Mobile Cellphone Info has posted a new item, 'Police target Internet cafes in
war on cybercrime'
Cyber caf operators will soon be required to keep a register of all their
customers if a proposal by the Police Department aimed at arresting crimes
perpetrated through mobile phones and the Internet is adopted.CID director
Ndegwa Muhoro said Parliament should enact a law that would compel cyber cafs to
adopt the know-your-customer rules already in place in the banking and mobile
phone sectors. "We are proposing to this committee to help us have a legal
framework that will compel all cyber shops log in their users with their
identity cards and time spent on the computers registered," he told members of
the parliamentary committee on education, which is investigating the
cancellation of examination results for nearly 1,700 Form Four candidates from
North Eastern Province. Mr Muhoro said cyber cafes remained a missing link in
recent efforts aimed at containing crime by tracking Internet use to a
particular computer. "It is difficult to pin down criminals who use cyber cafe
computers at any given time unless they are logged in," he said, adding that
most of the cheating during last year's examinations involved SMS on mobile
phones and e-mails. Although a conviction had been secured on a criminal who
used SMSs to leak the exams, he said failure to operationalise a law requiring
all mobile phone SIM card holders to register with the Communications Commission
of Kenya was posing a threat to national security.
President Kibaki last year ordered that all unregistered mobile phone SIM cards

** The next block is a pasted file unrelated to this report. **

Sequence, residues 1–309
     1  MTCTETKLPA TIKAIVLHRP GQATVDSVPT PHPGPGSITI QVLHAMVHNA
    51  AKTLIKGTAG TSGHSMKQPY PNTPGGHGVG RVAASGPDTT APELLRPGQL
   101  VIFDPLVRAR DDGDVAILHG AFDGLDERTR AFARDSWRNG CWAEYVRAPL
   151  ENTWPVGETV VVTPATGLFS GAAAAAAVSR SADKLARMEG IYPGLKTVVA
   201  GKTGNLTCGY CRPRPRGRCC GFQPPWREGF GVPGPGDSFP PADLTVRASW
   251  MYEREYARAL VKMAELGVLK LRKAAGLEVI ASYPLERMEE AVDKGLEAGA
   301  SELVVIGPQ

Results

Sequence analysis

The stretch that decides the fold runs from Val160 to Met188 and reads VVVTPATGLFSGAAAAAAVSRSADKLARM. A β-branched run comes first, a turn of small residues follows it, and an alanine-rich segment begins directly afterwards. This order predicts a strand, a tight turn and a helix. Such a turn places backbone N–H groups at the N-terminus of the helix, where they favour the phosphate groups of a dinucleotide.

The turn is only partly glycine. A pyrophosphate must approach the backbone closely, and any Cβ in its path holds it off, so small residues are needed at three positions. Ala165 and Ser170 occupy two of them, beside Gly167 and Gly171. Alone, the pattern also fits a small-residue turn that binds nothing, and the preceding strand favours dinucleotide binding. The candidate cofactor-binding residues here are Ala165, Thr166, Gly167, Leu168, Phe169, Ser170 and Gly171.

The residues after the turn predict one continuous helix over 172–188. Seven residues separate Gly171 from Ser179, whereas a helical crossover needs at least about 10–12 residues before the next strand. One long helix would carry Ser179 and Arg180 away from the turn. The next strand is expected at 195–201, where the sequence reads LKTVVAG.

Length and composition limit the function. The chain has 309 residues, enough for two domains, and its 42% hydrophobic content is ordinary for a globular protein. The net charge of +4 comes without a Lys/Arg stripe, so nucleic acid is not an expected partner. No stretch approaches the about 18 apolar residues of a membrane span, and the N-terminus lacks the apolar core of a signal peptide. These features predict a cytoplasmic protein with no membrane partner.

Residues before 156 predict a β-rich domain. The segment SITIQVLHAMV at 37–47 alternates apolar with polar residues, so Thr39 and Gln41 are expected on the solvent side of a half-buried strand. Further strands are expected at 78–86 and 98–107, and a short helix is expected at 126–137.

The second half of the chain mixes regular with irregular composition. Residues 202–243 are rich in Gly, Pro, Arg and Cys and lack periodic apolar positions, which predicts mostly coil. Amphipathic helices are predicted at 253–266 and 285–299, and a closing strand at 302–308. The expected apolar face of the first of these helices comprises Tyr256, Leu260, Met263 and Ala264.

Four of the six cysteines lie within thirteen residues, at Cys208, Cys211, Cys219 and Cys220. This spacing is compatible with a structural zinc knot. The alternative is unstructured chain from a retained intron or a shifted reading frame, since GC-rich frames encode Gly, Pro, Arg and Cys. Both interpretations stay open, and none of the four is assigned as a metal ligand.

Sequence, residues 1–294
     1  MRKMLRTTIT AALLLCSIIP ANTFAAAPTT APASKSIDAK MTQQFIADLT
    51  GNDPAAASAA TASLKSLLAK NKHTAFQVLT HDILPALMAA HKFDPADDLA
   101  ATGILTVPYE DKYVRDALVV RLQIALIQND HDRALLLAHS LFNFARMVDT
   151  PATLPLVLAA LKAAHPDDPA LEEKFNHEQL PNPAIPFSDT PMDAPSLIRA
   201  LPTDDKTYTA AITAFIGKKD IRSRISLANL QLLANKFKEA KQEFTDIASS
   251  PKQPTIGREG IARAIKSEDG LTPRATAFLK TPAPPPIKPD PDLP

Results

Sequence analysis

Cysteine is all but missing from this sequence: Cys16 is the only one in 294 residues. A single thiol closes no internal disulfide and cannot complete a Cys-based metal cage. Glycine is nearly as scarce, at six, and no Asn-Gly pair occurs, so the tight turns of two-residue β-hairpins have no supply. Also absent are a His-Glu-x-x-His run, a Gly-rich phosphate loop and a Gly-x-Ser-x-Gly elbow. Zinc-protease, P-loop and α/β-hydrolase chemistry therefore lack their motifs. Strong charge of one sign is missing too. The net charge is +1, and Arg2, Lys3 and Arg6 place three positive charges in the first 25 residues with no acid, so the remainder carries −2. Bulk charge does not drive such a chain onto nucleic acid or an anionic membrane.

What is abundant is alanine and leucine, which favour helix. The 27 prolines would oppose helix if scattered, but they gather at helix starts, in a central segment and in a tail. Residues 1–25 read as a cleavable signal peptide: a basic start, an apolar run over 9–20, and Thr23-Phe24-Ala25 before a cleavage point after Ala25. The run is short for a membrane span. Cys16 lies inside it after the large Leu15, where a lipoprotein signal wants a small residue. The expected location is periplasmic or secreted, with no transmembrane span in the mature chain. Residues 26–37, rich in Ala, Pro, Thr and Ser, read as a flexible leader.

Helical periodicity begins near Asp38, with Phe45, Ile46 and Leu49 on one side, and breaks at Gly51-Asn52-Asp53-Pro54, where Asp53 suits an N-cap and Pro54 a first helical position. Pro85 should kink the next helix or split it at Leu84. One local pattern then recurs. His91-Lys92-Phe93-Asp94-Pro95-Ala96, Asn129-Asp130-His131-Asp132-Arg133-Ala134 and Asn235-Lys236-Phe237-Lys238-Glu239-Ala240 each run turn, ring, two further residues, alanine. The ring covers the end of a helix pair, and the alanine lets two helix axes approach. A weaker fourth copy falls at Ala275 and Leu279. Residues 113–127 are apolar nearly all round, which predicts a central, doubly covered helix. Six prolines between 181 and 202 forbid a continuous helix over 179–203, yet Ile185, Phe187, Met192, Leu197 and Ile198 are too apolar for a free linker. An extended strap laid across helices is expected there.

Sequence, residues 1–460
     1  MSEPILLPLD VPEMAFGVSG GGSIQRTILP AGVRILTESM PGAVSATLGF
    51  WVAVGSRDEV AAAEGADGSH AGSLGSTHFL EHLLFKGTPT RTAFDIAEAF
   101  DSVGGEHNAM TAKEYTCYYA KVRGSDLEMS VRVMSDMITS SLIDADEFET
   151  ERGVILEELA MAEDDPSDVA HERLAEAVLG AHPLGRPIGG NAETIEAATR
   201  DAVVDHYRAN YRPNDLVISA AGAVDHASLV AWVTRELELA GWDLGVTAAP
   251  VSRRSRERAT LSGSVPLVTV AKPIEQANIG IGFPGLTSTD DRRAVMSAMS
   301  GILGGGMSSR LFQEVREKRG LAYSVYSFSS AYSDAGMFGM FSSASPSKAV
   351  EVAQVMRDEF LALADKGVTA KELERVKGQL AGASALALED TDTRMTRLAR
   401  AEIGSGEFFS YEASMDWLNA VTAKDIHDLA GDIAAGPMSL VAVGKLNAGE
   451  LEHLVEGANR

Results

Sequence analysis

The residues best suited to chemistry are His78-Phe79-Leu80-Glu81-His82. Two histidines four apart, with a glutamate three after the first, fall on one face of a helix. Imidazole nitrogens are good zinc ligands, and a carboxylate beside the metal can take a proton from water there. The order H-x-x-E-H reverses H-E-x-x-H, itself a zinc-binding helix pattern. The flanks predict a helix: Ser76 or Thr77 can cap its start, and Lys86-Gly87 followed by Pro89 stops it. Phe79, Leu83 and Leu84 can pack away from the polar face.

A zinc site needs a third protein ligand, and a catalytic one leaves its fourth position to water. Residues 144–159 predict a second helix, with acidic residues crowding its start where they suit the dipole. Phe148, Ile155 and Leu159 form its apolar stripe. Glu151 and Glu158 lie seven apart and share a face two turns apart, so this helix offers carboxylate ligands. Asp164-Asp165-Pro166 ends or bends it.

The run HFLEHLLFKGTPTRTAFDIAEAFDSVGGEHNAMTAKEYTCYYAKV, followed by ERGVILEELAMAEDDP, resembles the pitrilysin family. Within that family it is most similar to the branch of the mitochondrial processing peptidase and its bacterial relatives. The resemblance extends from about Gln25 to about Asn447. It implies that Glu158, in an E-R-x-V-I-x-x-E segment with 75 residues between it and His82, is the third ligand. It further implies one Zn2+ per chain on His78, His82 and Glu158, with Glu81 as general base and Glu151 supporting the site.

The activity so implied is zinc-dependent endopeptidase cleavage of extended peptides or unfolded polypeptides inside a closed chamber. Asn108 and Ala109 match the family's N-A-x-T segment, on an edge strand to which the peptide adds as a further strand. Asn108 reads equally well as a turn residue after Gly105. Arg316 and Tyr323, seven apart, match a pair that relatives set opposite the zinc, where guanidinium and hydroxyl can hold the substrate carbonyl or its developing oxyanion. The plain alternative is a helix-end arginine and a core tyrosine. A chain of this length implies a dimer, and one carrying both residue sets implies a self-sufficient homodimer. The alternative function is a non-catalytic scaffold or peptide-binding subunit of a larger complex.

be switched off to rein in crime, but there was no legal basis to back up the
directive. "To safeguard the lives of many Kenyans using mobile phones, I once
more direct the Ministry of Information and Communications to ensure that there
is no phone number in use that is not registered," Mr Kibaki had said.
The Communications Commission of Kenya Amendment Act, 2011, eventually addressed
this loophole, but is yet to be operationalised.
Out of an estimated 28 million mobile phone users, three million are yet to
register with their service providers: Safaricom, Airtel, yu and Telkom Orange.
Mr Muhoro Tuesday called for the quick operationalisation of the law to protect
Kenyans from crimes associated with new technology. "We have hit a brick wall
many times where users of mobile phones are not registered or computers they
used to commit crimes are in cyber cafes," he said, adding that the CID cannot
block the mobile phones without attracting litigation. The department has also
recommended the setting up of secure examination storage centres with only
supervisors having the keys to the vaults, which would be guarded by policemen,
to curb examination fraud.
"This will certainly reduce cases of collusion between any unfaithful police
officer and examinations supervisors or invigilator," Police Commissioner Mathew
According to him, no irregularities were detected when the method was piloted
last year using containers. He said 41 containers were used as storage centres
in Coast, Eastern, Nairobi, Nyanza and Western provinces. The pilot by KNEC,
however, did not cover North Eastern, Rift Valley and Central provinces.
The police also recommend that results should be released after the conclusion
of investigations on irregularities, vetting of invigilators and supervisors and
deterrent actions on offenders.
Mr Muhoro said all persons involved in examinations right from the setting and
printing must be vetted by the CID and other security agencies.
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